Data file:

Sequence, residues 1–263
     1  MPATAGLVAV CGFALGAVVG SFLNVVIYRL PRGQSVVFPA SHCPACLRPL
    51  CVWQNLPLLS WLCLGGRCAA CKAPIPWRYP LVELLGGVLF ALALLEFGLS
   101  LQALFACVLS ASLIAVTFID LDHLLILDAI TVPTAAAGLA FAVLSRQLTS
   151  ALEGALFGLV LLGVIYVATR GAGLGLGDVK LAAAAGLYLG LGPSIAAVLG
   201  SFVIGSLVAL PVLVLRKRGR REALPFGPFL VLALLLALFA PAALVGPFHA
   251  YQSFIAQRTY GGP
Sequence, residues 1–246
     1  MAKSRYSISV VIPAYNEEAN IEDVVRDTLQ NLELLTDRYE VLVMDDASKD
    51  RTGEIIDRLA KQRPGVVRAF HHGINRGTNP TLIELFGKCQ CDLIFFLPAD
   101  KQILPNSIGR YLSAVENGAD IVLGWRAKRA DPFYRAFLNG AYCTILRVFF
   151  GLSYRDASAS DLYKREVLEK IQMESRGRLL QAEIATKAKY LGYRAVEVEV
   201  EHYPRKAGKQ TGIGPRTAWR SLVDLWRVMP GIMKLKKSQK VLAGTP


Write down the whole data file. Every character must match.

Sequence, residues 1–263
     1  MPATAGLVAV CGFALGAVVG SFLNVVIYRL PRGQSVVFPA SHCPACLRPL
    51  CVWQNLPLLS WLCLGGRCAA CKAPIPWRYP LVELLGGVLF ALALLEFGLS
   101  LQALFACVLS ASLIAVTFID LDHLLILDAI TVPTAAAGLA FAVLSRQLTS
   151  ALEGALFGLV LLGVIYVATR GAGLGLGDVK LAAAAGLYLG LGPSIAAVLG
   201  SFVIGSLVAL PVLVLRKRGR REALPFGPFL VLALLLALFA PAALVGPFHA
   251  YQSFIAQRTY GGP
Sequence, residues 1–246
     1  MAKSRYSISV VIPAYNEEAN IEDVVRDTLQ NLELLTDRYE VLVMDDASKD
    51  RTGEIIDRLA KQRPGVVRAF HHGINRGTNP TLIELFGKCQ CDLIFFLPAD
   101  KQILPNSIGR YLSAVENGAD IVLGWRAKRA DPFYRAFLNG AYCTILRVFF
   151  GLSYRDASAS DLYKREVLEK IQMESRGRLL QAEIATKAKY LGYRAVEVEV
   201  EHYPRKAGKQ TGIGPRTAWR SLVDLWRVMP GIMKLKKSQK VLAGTP